Oracle customers weigh in on executive's hypothesis that analytics can now prove ROI of the martech stack -- or soon will -- and make marketing a revenue center just like sales.
CHICAGO -- This is the year click-throughs and other "vanity metrics" that marketing teams use to "prove" digital marketing ROI will be thrown away. Instead, spending on customer outreach -- and investments in the martech stack used to enable them -- will be directly tied to revenue.
So said Shashi Seth, Oracle's marketing cloud senior vice president, across several sessions, including a keynote at the Modern Customer ExperienceCRM user conference, en route to announcing new data analysis tech to help businesses find that holy grail linking marketing spend to bottom-line revenue. That long-sought-after digital marketing ROI metric has been nearly unmanageable to measure before the presentage of big data collection and AI tools to examine through it.
"2008, for many of you -- if you're old enough to remember -- was anoceanic change for ad tech. For the first time it became attentive on performance," Seth said in his keynote. "2018 is going to be the year for martech. We are going to be obligated to revenue."
Some customers presentat the conference acknowledged the idea, saying that the cost and capabilities of new martech tools, coupled with heavier digital rivalry from competitors, makes digital marketing ROI anessential metric to define how much firepower to buy in order to win market share.
Others, nonetheless, weren't so sure, saying that the tech might be ready, but their companies aren't. Or in some cases, maybe they aren't philosophically associated with the idea that marketing teams should be held to direct-revenue objectives.
Some feel need for martech ROI
Bigger companies are feeling it. Alice Dungey, senior technology and operations manager at Southwest Airlines, runs the enterprise's Rapid Rewards loyalty program. Southwest has been binding marketing to revenue for awhile, she said.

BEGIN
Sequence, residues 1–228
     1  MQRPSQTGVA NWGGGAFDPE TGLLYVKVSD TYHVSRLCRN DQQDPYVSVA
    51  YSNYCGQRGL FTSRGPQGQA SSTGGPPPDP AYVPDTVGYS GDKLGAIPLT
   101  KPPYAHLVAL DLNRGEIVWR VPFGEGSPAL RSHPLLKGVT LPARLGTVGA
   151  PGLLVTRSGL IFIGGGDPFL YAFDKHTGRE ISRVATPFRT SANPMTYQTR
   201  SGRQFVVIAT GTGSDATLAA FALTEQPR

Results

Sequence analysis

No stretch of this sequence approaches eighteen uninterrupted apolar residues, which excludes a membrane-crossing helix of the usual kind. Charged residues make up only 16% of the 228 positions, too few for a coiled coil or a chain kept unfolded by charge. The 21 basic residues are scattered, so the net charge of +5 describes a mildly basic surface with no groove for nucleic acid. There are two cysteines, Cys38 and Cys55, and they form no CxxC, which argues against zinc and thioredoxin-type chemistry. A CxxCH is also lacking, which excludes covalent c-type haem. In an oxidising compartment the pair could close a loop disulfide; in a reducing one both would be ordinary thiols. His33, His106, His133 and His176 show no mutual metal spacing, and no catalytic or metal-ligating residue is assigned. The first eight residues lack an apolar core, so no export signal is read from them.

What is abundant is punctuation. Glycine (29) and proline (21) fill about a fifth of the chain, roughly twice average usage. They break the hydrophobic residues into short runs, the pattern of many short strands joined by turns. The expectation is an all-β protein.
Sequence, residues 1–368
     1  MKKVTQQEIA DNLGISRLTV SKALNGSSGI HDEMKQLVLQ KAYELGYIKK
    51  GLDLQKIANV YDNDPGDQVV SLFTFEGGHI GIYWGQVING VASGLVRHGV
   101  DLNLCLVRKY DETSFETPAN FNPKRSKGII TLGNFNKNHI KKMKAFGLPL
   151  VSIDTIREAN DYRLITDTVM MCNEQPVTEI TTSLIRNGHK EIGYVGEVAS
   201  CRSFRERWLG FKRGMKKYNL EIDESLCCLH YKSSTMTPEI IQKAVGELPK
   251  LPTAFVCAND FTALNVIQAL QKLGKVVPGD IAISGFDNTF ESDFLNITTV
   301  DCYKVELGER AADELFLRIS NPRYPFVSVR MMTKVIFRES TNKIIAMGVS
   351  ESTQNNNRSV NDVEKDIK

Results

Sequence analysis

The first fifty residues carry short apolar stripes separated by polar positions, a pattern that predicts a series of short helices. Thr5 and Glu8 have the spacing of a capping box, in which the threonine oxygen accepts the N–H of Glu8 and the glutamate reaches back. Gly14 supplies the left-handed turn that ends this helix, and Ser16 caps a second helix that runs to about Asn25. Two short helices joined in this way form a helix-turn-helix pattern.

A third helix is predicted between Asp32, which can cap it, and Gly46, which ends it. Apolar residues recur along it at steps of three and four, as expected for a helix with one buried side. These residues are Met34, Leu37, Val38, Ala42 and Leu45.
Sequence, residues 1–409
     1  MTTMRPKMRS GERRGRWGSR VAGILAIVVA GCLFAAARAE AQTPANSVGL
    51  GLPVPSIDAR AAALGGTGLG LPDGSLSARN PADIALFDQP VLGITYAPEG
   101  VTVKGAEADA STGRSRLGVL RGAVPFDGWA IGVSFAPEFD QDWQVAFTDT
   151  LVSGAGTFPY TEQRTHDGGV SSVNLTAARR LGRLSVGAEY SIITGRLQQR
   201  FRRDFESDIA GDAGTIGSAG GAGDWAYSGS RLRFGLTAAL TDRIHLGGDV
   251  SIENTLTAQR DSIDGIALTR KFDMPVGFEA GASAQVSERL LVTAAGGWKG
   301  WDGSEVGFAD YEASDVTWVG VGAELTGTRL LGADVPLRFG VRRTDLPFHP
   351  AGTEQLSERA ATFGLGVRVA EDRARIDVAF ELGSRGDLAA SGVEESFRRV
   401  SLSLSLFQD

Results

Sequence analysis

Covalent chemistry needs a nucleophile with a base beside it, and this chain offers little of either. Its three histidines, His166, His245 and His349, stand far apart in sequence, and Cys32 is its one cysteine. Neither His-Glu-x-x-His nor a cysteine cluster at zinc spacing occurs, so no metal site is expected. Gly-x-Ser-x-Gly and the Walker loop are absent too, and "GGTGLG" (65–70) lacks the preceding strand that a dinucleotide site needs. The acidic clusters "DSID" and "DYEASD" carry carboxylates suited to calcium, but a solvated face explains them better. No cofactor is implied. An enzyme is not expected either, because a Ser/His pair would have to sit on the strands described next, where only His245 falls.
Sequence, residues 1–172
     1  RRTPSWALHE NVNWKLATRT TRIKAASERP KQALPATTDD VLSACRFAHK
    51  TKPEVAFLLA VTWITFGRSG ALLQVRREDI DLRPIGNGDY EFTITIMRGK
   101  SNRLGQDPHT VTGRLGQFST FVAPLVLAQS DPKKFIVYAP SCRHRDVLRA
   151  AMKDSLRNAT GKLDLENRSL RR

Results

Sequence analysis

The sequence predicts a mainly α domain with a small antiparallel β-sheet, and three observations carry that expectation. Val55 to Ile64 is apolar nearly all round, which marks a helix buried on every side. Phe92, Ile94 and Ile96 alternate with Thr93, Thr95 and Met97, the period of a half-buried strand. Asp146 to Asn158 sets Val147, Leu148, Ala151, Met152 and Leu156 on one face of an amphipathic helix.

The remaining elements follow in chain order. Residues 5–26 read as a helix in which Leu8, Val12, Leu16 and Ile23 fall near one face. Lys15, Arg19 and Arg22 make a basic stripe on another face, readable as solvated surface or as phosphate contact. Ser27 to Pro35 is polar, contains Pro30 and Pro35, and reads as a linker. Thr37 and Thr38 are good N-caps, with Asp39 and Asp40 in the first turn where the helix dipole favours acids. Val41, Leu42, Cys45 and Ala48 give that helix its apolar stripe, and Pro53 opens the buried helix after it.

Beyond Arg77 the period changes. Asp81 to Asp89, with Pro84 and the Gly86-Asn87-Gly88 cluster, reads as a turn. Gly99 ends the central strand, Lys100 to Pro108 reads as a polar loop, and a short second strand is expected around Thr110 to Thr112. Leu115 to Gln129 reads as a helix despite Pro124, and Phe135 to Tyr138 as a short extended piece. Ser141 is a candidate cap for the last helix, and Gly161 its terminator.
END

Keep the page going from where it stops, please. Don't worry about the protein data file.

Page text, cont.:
Marketing can impact revenue noticeably in the heated airline market, filling seats by endorsing reduced-fare sales to customers and stealing them from other airlines' frequent-flyer programs. Another way is geography-specific digital campaigns, such as one recent initiative to inspire Californians to earn companion passes -- free tickets Southwest gives away when definite mileage thresholds are met.
"With every marketing campaign and every sale that we have, we have set objectives," Dungey said. "We set those objectives; we know exactly what the markets are that we're looking at that we want to drive that sale. At the end, like everybody else, we assess -- how did we do?"
In Albuquerque, the metrics aren't revenue, but the city still measures digital marketing ROI, as it is accountable to citizens for the use of tax dollars. Digital engagement expert Matthew Maez, who was also at the session, said that click-throughs and opened emails are indeed timeworn ways of assessing marketing success.
His team is trying to automate the answering of simple questions from residents in order to devote more bandwidth to the more complicated issues from those who most need help. That, and driving awareness and utilization of services through digital campaigns, is where his team's success metrics lie.
"Our ROI is value to the people and the capability to develop outcomes," Maez said. "Are we getting more children into early childhood education programs because we built a more effective marketing strategy? Or are we reducing our city's carbon footprint by creating digital tools to make transit options more accessible or reliable?"
Others not so sure martech should be accountable
Not everyone buys into the notion that there will be a sea change this year involving companies holding their marketers accountable for revenue performance.
"We're in the first half of 2018, and we're talking about how this is going to be the big thing in 2018?" Matseshe-Crawford said. "We don't know yet."
Smaller companies -- with smaller marketing budgets, smaller data sets and less bandwidth for adopting new AI tools -- will lag behind, up to five years or more, said Jim Giordano, vice president and CIO of Latham Pool Products. His company, which deals with a smaller universe of pool cover distributors, has far fewer resources at its disposal than a Southwest or Fanatics.
"Bigger players have more of the Google Analytics and more of the tools that can track this kind of thing," Giordano said. "Our market is not there yet."
Glenn Coles, CIO at Yamaha Motor Corporation, North America, said “while I don't see it yet either, technology that can connect marketing dollars to revenue is coming”. Although he offers a caveat: He believes it can never be a "nirvana state" with clear dollar-for-dollar measurements, but it will be a lot more precise than it is today thanks to cloud technologies, digital transformations creating the data sets, and the rapid advancement of Artificial Intelligence (AI) tools. "My senses are that in the next 18 months it might be true, just because of how fast things are moving."

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software developer and interested in digital marketing